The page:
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      pROC: an open-source package for R and S+ to analyze and compare ROC curves


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          Receiver operating characteristic (ROC) curves are useful tools to evaluate classifiers in biomedical and bioinformatics applications. However, conclusions are often reached through inconsistent use or insufficient statistical analysis. To support researchers in their ROC curves analysis we developed pROC, a package for R and S+ that contains a set of tools displaying, analyzing, smoothing and comparing ROC curves in a user-friendly, object-oriented and flexible interface.


          With data previously imported into the R or S+ environment, the pROC package builds ROC curves and includes functions for computing confidence intervals, statistical tests for comparing total or partial area under the curve or the operating points of different classifiers, and methods for smoothing ROC curves. Intermediary and final results are visualised in user-friendly interfaces. A case study based on published clinical and biomarker data shows how to perform a typical ROC analysis with pROC.


          pROC is a package for R and S+ specifically dedicated to ROC analysis. It proposes multiple statistical tests to compare ROC curves, and in particular partial areas under the curve, allowing proper ROC interpretation. pROC is available in two versions: in the R programming language or with a graphical user interface in the S+ statistical software. It is accessible at http://expasy.org/tools/pROC/ under the GNU General Public License. It is also distributed through the CRAN and CSAN public repositories, facilitating its installation.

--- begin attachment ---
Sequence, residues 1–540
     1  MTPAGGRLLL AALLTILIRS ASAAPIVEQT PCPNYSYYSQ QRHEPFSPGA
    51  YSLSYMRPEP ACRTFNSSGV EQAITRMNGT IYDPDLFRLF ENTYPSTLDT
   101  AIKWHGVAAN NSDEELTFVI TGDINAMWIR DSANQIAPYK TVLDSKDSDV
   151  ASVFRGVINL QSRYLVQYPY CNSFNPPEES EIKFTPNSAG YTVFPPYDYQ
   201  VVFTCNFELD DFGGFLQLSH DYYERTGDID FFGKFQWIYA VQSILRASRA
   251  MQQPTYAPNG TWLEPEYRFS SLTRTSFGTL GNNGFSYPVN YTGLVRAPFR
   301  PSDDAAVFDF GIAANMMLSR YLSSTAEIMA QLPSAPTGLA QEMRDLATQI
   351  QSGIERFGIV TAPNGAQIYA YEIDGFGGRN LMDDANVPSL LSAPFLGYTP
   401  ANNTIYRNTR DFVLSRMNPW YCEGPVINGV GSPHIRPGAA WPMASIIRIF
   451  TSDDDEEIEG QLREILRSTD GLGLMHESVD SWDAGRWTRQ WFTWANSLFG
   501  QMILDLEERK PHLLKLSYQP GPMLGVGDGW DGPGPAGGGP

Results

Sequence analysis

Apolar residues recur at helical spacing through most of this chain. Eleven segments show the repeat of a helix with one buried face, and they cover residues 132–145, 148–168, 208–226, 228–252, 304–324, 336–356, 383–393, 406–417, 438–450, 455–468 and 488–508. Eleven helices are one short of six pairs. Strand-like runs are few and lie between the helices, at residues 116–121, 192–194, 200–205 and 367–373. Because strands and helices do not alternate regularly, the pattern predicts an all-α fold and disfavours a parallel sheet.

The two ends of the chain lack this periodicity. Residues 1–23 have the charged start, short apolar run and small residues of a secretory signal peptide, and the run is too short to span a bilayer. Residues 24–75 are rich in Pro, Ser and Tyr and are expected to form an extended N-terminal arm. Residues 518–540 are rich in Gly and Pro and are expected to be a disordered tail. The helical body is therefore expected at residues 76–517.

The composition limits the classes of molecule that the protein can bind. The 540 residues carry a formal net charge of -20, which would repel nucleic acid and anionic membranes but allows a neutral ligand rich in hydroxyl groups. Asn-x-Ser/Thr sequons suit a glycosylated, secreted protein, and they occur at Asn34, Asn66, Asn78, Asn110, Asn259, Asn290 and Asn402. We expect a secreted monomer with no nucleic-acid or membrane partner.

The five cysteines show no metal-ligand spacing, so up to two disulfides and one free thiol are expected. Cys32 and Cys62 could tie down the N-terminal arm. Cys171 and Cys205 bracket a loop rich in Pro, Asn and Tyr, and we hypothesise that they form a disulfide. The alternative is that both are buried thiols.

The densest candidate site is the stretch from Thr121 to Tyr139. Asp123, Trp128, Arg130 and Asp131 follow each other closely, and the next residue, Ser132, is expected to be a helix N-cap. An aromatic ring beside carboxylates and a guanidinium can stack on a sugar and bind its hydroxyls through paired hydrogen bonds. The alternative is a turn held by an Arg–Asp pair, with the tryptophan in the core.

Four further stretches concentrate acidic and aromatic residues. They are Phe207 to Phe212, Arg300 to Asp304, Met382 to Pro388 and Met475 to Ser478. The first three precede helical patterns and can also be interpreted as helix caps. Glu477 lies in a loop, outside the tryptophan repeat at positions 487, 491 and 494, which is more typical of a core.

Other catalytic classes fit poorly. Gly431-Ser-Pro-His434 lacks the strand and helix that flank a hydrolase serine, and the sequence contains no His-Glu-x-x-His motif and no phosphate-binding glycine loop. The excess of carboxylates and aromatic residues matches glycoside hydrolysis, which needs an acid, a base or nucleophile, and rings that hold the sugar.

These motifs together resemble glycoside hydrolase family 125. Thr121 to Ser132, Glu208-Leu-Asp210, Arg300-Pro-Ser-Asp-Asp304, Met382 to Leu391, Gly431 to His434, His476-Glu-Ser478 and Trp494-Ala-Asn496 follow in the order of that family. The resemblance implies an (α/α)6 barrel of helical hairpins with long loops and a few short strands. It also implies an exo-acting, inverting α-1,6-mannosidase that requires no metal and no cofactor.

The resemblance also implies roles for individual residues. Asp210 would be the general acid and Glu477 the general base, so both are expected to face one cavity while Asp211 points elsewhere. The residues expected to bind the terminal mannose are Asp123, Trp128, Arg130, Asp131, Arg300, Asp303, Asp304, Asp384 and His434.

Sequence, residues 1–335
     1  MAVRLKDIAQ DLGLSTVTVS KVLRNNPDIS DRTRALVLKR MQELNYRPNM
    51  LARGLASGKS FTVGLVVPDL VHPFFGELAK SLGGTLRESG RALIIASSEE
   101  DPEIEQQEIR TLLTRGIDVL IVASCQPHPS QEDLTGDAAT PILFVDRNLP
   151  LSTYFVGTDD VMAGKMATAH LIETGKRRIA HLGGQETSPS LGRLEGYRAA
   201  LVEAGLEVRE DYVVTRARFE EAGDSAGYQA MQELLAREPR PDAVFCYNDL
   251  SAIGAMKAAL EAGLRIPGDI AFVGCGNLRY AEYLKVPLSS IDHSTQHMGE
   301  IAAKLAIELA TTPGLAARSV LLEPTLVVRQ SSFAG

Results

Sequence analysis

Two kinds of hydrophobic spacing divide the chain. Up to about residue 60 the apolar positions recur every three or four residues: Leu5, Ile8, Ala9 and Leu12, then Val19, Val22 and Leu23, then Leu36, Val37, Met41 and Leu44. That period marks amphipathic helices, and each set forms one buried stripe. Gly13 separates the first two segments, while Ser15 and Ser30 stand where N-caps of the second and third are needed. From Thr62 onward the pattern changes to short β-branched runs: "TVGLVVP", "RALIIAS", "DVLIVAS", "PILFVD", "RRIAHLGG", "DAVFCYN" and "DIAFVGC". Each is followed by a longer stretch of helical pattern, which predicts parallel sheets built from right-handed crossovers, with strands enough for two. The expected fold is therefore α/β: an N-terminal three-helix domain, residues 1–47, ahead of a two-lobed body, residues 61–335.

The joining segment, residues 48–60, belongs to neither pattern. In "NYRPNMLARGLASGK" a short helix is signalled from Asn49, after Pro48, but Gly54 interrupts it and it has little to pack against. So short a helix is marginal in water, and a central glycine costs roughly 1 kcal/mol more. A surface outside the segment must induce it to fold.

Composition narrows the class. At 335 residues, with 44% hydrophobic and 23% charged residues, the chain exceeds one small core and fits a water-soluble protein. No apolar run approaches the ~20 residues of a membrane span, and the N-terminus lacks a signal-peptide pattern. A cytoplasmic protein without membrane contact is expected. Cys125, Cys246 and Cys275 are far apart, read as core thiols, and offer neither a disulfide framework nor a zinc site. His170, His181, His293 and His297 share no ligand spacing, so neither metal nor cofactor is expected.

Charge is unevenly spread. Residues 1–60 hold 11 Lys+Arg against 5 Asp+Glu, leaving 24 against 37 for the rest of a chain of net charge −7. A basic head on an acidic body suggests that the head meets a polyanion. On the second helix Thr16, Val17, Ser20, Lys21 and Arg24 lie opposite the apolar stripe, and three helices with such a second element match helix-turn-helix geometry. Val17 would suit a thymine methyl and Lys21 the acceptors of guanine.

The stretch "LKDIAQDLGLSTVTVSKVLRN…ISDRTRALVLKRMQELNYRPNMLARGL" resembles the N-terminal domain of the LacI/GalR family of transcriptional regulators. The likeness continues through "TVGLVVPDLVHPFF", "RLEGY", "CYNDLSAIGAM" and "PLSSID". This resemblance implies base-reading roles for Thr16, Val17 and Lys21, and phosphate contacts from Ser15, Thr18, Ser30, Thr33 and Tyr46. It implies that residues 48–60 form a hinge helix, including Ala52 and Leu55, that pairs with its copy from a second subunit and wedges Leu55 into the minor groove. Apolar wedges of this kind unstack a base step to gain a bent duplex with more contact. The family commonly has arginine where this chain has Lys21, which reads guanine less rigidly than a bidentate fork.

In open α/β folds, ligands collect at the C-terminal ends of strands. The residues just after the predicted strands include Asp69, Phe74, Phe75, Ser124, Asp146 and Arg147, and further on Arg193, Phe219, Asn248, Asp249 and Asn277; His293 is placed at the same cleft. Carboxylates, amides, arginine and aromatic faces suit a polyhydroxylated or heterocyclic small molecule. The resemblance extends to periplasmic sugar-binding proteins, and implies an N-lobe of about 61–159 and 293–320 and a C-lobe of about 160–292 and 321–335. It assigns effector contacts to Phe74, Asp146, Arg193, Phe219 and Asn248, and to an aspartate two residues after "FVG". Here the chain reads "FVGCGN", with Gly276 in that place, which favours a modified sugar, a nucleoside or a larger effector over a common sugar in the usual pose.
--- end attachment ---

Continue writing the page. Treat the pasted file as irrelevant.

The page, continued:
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          Most cited references19

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          What's under the ROC? An introduction to receiver operating characteristics curves.

          It is often necessary to dichotomize a continuous scale to separate respondents into normal and abnormal groups. However, because the distributions of the scores in these 2 groups most often overlap, any cut point that is chosen will result in 2 types of errors: false negatives (that is, abnormal cases judged to be normal) and false positives (that is, normal cases placed in the abnormal group). Changing the cut point will alter the numbers of erroneous judgments but will not eliminate the problem. A technique called receiver operating characteristic (ROC) curves allows us to determine the ability ofa test to discriminate between groups, to choose the optimal cut point, and to compare the performance of 2 or more tests. We discuss how to calculate and compareROC curves and the factors that must be considered in choosing an optimal cut point.